So let’s keep these principles in mind as we decide where to store our belongings.  Let’s do it once, in a way that makes sense and won’t have to be redone next year.  Let’s put our trash cans next to the sink, our coats by the door we use the most, our kid’s craft supplies by the table they color on, our laundry baskets where we get undressed.  If it looks good there, all the better.  But let’s make it function first.




Trying to Make an Inviting Home

Our house is new, and fairly large (almost 3000 square feet), two things that are working against it in my quest to make it charming, cozy, and comfortable.  Now before we built this house we lived in the old cottage that came on the property, which was old, tiny, and infested with kitchen mice and attic snakes, so I am not complaining.

It was NOT charming, because it was in such disrepair, and not comfortable, because it was always cold and there was only one bathroom.  But it was cozy.  I will give it that.  Every square inch was used, and the things of life were out on display.  Cookbooks, toys, pots, homework.  When the cutting garden was in season, it seemed overflowing with flowers.  When we had guests, it felt full and bustling.  The new house is lacking that somehow.  I want to correct it.  Here is what I am trying.

1.  More things out

This goes against my very nature, as I like things put away.  But there is no need to pretend we don’t live here, and no need to exhaust oneself putting away baby toys during naps just to take them out again when she wakes up.  And “things” are proof that people live there.  Fruit, flowers (from Costco, and quite beautiful), crayons, sugar and flour canisters, a basket of potatoes and onions, even a pot on the stove. They have been invited to live on the counter or breakfast table as evidence of life.






2. Less stuff out for kids.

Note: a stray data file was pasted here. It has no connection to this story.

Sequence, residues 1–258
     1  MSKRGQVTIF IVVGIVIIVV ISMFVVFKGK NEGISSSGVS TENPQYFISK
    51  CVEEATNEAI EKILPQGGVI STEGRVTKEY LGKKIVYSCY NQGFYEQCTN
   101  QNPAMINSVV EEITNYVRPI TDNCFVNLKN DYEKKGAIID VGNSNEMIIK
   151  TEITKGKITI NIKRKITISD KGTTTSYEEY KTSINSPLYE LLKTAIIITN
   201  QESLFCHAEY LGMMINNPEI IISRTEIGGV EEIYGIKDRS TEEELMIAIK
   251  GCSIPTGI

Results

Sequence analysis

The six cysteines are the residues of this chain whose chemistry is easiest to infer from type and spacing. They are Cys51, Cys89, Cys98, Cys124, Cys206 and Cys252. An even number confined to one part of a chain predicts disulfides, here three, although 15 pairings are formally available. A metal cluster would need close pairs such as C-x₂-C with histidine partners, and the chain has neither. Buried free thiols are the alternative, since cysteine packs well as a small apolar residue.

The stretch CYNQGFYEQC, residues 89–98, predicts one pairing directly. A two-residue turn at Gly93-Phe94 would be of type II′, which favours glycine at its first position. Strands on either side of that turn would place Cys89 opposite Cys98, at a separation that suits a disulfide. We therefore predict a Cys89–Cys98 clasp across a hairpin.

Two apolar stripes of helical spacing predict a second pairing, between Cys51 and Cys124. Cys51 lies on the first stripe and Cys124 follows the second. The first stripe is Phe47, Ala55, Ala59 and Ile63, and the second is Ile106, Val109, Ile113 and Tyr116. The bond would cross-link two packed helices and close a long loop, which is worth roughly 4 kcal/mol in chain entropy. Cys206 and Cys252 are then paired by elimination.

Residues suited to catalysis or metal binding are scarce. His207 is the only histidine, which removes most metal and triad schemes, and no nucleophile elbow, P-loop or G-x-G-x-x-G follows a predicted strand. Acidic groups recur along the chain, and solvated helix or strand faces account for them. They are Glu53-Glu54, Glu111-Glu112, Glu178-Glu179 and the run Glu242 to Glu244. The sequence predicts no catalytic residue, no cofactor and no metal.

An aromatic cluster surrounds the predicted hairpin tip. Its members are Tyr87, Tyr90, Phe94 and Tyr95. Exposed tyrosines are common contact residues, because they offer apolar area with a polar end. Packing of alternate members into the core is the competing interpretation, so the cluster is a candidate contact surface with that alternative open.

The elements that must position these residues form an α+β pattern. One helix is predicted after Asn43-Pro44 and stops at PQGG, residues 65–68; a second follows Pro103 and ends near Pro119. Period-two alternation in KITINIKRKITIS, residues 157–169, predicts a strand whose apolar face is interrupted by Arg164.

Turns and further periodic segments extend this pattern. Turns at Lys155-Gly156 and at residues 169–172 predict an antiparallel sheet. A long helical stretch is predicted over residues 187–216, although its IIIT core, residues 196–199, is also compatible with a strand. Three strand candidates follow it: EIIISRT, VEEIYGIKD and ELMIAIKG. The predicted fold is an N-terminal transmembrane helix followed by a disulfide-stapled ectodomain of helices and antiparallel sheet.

It is well known that once kids destroy a playroom with toys, they lose interest in it.  So they are being made to clean up every evening, not just because it is right, but because when their playroom is a mess they don’t use it.  Also it is more of a loft and I have to see it when I go upstairs.  Every night they pick up, and every Friday I switch out their toys to keep them interested.  If they are in the middle of making an “important store of out of magnets”, I will of course leave it alone.





(Looks like this bookshelf needs a little help!)

3.  Keeping the dining table set

So the only picture I have of it appear to be of it not set.  But it is much more inviting with plates, place mats, cloth napkins, and silverware.  I keep it cleared off to make it easier to wipe down after lunch, and Camilla sets it after her quiet time in the afternoons.  It makes the room feel more alive.  The sun shines in the front of the house in the afternoons too, and generally cheers everyone up.


4.  More people, more animals

Of course nothing makes a house feel more alive than actual life!  So we let the kittens in on cold days, play with the baby, and try to enjoy each other’s company.  Having guests over is always nice.  More babies too.  I now sit at the kids little kitchen table while they color.  I work on grocery lists and garden plans next to them instead of somewhere else.  We feel a little more together, and I find that the more focused attention they get, the less whining there is later.






5.  Books, puzzles, board games

TV is so often depressing and isolating.  Why not do something that either invites a companion, or allows to you be together in comfortable silence?





In the future, I need to work on getting curtains, getting some rooms painted in warmer, richer colors, and getting some furniture in empty feeling rooms like the dining room, master bedroom, and guest bedroom.  I will get there!





Cozy Christmas

The Christmas decorations are still up (it is still Christmas!), and I am glad, as some of them made their appearance on Christmas Eve.  It is a shame to rush things so much that you are sick of them by the time they have actually become appropriate.  (Like premarital sex, filling up on snacks before dinner, giving two month old babies toys that they can’t play with, etc.)


The holly can only last so long when your house is a toasty 78 degrees because of your delightful fireplace!